Last month I suggested that an “all-of-the-above” strategy for Wyoming’s energy economic development would lead us nowhere; if we try to do everything, we’ll accomplish nothing.
Focus is the key to success, and the state has an enormous opportunity with utility-scale solar projects, particularly in our struggling coal communities.
We have considerable land and skilled labor in places that could prove ideal for massive solar projects. To put this into perspective, the largest utility-scale project thus far in the U.S. is in northern Texas. Across 18,000 acres, the Sampson Solar Energy Project will produce enough energy to power 300,000 homes. More importantly, that project will create 600 jobs over the three-year construction phase. And 18,000 acres may seem like a lot of land, until one considers that it’s only about one-third the size of a typical Wyoming coal mine.
It’s also important to recognize that Campbell County is relatively remote and will have a difficult time attracting non-coal industries to make up for lost jobs. While solar won’t provide the type of long-term jobs that coal mining has, over the next five to 10 years, these large construction projects could offer jobs to hundreds of skilled workers and provide a desperately needed economic bridge for the community.
The county’s retiring mines are ideally suited for massive solar projects. Consider that constructing a solar farm involves large-scale grading of the land, something that is done anyway as operators retire and reclaim mines. With solar projects, teams of skilled electricians and construction workers are required to construct the frames, install the solar panels and build a powerplant to prepare the energy for transmission. Our greatest state asset is not the coal under the ground, but the thousands of skilled workers displaced as mines and operations close down.
Based on what assets electric utilities are retiring, coal is on an inescapable decline. In contrast, the fundamentals of solar are all going in the right direction. The construction cost of utility-scale projects has dropped by nearly 80% in just the last 10 years. During roughly that same time, the cost of storing electricity has dropped by 70%. Just as important, solar has strong political and public tailwinds. Two-thirds of Americans want the federal government to do more to reduce the effects of climate change, and three-quarters of our country want to see the country prioritize renewables over fossil fuels.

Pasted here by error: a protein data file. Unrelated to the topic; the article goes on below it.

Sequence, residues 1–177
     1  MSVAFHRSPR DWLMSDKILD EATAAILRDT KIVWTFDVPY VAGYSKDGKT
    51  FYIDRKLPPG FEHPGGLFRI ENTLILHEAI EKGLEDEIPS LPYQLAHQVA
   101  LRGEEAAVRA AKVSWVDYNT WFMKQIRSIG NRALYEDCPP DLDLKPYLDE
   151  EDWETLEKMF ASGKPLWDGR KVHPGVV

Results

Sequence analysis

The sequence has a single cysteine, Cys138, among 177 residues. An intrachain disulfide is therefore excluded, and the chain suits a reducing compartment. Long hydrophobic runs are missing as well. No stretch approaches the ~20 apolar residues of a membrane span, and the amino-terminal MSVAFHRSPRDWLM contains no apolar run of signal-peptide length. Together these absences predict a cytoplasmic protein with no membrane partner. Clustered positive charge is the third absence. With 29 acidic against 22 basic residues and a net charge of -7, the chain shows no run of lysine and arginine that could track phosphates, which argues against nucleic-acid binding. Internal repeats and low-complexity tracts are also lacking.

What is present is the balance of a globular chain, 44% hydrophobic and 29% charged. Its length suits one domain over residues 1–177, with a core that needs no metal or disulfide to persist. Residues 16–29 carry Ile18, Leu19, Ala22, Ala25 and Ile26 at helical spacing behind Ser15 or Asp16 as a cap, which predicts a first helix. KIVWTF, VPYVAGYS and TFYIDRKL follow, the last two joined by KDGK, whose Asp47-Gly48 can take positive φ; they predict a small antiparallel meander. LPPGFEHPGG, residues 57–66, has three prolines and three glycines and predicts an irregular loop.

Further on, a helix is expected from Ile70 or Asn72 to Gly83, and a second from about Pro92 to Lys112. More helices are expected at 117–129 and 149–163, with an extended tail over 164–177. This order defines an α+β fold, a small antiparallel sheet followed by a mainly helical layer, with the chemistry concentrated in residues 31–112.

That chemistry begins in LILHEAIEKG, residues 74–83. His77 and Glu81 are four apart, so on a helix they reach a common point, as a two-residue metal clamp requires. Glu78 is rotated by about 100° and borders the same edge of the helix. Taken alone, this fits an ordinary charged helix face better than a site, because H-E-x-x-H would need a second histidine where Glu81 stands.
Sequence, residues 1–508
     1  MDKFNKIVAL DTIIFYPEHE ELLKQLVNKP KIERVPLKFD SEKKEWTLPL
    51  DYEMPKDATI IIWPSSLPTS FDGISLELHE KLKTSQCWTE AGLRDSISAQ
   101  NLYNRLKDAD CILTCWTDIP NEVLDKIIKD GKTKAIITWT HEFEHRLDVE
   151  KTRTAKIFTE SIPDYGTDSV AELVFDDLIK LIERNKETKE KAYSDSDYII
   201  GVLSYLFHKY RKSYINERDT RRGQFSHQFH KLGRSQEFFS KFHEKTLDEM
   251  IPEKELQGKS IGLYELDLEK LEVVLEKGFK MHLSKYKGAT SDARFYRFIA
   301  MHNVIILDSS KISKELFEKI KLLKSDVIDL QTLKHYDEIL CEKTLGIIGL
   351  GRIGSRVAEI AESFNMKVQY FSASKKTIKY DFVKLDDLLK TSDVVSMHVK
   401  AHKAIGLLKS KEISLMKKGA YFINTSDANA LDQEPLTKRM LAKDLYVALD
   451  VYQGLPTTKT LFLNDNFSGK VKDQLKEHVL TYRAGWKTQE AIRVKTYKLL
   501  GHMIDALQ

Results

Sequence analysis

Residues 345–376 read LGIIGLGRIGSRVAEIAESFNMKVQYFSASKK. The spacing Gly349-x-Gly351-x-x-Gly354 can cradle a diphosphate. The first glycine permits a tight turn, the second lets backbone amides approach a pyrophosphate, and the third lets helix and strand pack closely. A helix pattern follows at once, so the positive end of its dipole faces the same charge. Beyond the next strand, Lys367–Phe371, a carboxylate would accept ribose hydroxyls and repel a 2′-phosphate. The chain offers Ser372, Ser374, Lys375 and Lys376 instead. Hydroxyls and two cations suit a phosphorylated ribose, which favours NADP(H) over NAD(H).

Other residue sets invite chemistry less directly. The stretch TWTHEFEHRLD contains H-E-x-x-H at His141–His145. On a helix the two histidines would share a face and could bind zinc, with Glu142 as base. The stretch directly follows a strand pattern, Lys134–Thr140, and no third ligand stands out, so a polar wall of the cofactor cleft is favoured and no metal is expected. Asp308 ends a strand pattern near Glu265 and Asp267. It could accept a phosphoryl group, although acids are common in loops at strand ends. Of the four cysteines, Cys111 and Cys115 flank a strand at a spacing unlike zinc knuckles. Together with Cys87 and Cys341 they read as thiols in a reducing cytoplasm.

We need to be more like Texas, where I began my career in the energy industry at the worst possible time. Oil prices had plummeted from $85 a barrel to $35, and it seemed everyone was either bankrupt or knew someone who was. This was the turning point for the state and its leadership. They learned their lesson and aggressively diversified their economy – which included recognizing that they had a lot of land, wind, skilled labor and sunshine.
Contrast that with Wyoming, where some state legislators have tried to ban utility-scale solar projects under the absurd belief that doing so will “save coal.” That attitude has allowed states like Texas to laugh at us all the way to the bank.
Texans didn’t view renewables as a threat to their core oil and gas and coal industries, but instead as another way to create jobs and increase their tax base. With this mindset, Texas is likely to move into the No. 1 position for solar within the next five years. Talk about seizing opportunity — in only four years Texas will have expanded from 2 gigawatts of utility scale solar capacity to 15 gigawatts.
Admittedly, our sunshine is not as potent as states closer to the equator. But that disadvantage is less striking in the summer months when air conditioners run long and hard during the day. Furthermore, as the cost of solar continues to plunge, this disadvantage drops. North Carolina, for example, has created a solar boom with even less solar resource than Wyoming.
I’ve seen first-hand what happens to coal communities after the mines close. When the country’s demand for anthracite coal went away, so did the mines and the neighborhoods near my grandfather’s coal mines in Appalachia. I went to visit those communities, and all I found were outlines of once-vibrant small towns along the coal seams of the Appalachian Valley. That doesn’t need to happen to Gillette or Kemmerer. But to avoid that fate, we need a modern battle plan, and that strategy begins with finding immediate work for the families that have been the backbone of these communities.